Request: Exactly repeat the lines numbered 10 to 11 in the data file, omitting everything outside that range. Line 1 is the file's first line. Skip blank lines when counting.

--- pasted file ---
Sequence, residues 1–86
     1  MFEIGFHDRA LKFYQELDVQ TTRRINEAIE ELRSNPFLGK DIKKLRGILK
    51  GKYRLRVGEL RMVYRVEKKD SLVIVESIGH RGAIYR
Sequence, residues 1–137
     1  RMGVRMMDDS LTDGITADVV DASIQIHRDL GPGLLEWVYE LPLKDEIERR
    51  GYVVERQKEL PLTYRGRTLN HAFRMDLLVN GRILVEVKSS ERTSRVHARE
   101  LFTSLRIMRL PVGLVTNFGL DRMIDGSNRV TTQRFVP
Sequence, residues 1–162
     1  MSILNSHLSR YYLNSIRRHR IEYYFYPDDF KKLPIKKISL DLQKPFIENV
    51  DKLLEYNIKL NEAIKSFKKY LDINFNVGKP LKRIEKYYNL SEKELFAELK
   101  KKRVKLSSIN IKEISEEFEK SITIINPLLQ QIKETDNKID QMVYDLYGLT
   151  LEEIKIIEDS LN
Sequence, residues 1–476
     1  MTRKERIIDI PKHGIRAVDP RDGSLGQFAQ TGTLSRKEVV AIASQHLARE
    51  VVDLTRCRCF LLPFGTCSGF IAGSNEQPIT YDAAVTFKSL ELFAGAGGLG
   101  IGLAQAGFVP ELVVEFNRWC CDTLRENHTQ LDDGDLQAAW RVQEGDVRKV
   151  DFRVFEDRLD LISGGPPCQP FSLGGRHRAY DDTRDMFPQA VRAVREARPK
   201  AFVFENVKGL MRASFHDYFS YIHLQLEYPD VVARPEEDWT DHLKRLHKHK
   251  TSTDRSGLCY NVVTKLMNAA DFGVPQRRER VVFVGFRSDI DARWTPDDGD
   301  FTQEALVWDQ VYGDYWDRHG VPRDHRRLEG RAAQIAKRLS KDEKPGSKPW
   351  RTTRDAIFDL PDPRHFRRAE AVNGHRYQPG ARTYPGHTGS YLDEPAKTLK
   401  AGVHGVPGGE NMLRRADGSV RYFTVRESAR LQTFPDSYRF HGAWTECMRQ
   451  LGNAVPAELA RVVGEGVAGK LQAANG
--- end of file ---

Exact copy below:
    51  DKLLEYNIKL NEAIKSFKKY LDINFNVGKP LKRIEKYYNL SEKELFAELK
   101  KKRVKLSSIN IKEISEEFEK SITIINPLLQ QIKETDNKID QMVYDLYGLT